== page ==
sns.distplot(data, label='Normal', fit=stats.norm, kde=False, hist=False, fit_kws={'color': 'b', 'label': 'Normal'})
    sns.distplot(data, fit=stats.t, kde=False, hist=False, fit_kws={'color': 'g', 'label': 'T'})

    trace_normal, trace_normal_live, ppc_bt, ppc_live, kl_div = calc_scores(data, data_live, normal=True)
    results_normal[anon_id] = (trace_normal, trace_normal_live, ppc_bt, ppc_live, kl_div)

    trace_t, trace_t_live, ppc_bt, ppc_live, kl_div = calc_scores(data, data_live)
    results_t[anon_id] = (trace_t, trace_t_live, ppc_bt, ppc_live, kl_div)
    
    print data.mean() / data.std() * np.sqrt(252)
 [-----------------100%-----------------] 5000 of 5000 complete in 14.4 sec0.627893606355
 [-----------------100%-----------------] 5000 of 5000 complete in 11.5 sec1.43720181575
/home/wiecki/tools/theano/theano/scan_module/scan_perform_ext.py:133: RuntimeWarning: numpy.ndarray size changed, may indicate binary incompatibility
  from scan_perform.scan_perform import *
In [75]:
from IPython.display import Image
sns.set_context('talk', font_scale=1.5)
sns.set_context(rc={'lines.markeredgewidth': 0.1})
from matplotlib import rc
rc('xtick', labelsize=14) 
rc('ytick', labelsize=14)
figsize(10, 6)

The problem we're gonna solve

Two real-money strategies:

In [76]:
plot_strats()

Types of risk

Sharpe Ratio

$$\text{Sharpe} = \frac{\text{mean returns}}{\text{volatility}}$$
In [24]:
print "Sharpe ratio strategy etrade =", data_0.mean() / data_0.std() * np.sqrt(252)
print "Sharpe ratio strategy IB =", data_1.mean() / data_1.std() * np.sqrt(252)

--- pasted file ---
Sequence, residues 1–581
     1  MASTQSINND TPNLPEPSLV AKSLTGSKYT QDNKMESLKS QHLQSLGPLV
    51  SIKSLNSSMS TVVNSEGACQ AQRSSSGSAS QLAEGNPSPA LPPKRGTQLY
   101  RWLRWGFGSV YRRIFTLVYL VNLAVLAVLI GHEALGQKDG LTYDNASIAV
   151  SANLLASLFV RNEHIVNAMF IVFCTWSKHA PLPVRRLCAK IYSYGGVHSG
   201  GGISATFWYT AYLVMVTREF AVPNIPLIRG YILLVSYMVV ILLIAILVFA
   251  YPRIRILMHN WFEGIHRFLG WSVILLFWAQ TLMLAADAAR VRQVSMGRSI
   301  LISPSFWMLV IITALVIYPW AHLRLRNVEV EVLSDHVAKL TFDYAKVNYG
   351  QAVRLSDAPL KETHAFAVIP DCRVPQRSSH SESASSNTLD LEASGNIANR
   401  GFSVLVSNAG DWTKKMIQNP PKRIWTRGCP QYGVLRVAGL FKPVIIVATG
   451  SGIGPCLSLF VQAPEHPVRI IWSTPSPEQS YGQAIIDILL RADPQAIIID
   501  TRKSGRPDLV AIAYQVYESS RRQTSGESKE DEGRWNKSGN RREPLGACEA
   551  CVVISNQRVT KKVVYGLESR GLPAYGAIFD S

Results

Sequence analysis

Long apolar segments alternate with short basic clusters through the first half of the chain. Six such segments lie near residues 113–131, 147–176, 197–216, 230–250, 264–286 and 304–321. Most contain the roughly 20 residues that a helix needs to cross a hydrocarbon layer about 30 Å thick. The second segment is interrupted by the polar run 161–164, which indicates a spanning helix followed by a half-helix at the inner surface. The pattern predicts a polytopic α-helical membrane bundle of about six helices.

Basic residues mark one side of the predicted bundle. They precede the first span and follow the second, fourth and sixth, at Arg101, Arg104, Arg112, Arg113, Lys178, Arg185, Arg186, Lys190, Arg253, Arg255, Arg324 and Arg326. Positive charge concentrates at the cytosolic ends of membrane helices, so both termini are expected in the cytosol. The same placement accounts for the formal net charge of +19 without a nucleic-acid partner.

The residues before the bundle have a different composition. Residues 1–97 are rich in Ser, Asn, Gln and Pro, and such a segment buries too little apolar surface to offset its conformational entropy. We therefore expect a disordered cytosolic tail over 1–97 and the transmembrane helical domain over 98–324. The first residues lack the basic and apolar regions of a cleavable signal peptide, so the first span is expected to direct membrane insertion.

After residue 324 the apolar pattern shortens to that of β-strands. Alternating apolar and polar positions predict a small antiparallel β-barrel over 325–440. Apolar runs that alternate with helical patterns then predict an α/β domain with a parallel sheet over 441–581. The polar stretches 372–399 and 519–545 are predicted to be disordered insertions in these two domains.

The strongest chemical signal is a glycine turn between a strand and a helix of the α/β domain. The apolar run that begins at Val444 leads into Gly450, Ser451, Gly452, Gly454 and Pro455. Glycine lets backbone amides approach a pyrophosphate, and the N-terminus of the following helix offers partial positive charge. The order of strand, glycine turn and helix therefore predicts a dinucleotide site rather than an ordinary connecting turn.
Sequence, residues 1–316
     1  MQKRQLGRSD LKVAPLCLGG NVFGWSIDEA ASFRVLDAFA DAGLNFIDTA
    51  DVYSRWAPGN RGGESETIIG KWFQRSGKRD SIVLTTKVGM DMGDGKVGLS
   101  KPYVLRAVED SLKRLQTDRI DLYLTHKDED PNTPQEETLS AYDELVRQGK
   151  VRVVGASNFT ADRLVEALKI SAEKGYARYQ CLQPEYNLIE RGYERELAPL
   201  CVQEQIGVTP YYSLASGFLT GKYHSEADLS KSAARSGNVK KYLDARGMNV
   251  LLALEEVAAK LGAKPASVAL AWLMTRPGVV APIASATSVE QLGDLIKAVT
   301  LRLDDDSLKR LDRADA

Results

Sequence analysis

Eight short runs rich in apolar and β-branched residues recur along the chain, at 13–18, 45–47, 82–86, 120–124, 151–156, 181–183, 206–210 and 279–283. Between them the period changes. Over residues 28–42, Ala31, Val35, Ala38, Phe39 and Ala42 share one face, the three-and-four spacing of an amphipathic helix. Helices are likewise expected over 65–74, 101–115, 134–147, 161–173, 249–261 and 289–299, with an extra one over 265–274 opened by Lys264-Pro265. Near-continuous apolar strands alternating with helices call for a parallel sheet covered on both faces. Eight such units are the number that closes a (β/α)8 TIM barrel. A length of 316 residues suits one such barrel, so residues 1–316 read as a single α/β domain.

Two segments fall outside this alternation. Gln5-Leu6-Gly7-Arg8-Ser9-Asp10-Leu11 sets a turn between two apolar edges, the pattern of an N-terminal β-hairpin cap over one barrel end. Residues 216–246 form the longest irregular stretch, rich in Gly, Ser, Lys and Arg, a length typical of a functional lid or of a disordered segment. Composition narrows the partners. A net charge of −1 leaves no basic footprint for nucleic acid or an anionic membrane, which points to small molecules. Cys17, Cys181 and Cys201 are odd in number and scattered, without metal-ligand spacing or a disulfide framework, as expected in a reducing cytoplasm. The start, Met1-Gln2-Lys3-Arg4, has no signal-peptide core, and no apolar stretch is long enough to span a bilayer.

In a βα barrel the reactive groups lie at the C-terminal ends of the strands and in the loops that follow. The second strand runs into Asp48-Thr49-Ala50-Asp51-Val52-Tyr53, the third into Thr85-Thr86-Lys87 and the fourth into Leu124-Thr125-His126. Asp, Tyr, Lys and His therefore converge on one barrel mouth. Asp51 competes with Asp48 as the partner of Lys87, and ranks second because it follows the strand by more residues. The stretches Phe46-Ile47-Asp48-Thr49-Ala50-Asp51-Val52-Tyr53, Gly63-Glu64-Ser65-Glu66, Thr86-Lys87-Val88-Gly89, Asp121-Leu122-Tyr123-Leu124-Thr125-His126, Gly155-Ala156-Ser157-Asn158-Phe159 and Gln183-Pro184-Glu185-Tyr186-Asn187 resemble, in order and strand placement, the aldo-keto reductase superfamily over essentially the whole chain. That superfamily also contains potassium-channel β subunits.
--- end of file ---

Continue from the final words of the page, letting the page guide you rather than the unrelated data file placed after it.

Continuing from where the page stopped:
Sharpe ratio strategy etrade = 0.627893606355
Sharpe ratio strategy IB = 1.43720181575

Types of risk

Short primer on random variables

  • Represents our beliefs about an unknown state.
  • Probability distribution assigns a probability to each possible state.
  • Not a single number (e.g. most likely state).

  • "When I bet on horses, I never lose. Why? I bet on all the horses." Tom Haverford

You already know what a variable is...

In [8]:
coin = 0 # 0 for tails
coin = 1 # 1 for heads

A random variable assigns all possible values a certain probability

In [ ]:
coin = {0: 50%,
        1: 50%}

Alternatively:

coin ~ Bernoulli(p=0.5)

  • coin is a random variable
  • Bernoulli is a probability distribution
  • ~ reads as "is distributed as"

This was discrete (binary), what about the continuous case?

returns ~ Normal($\mu$, $\sigma^2$)

In [77]:
from scipy import stats
sns.distplot(data_0, kde=False, fit=stats.norm)
plt.xlabel('returns')
Out[77]:
<matplotlib.text.Text at 0x7fde80d68110>

How to estimate $\mu$ and $\sigma$?

  • Naive: point estimate
  • Set mu = mean(data) and sigma = std(data)
  • Maximum Likelihood Estimate
  • Correct answer as $n \rightarrow \infty$

Bayesian analysis

  • Most of the time $n \neq \infty$...
  • Uncertainty about $\mu$ and $\sigma$
  • Turn $\mu$ and $\sigma$ into random variables
  • How to estimate?

Bayes Formula!

Use prior knowledge and data to update our beliefs.

In [71]:
figsize(7, 7)
from IPython.html.widgets import interact, interactive
from scipy import stats
def gen_plot(n=0, bayes=False):
    np.random.seed(3)
    x = np.random.randn(n)
    ax1 = plt.subplot(221)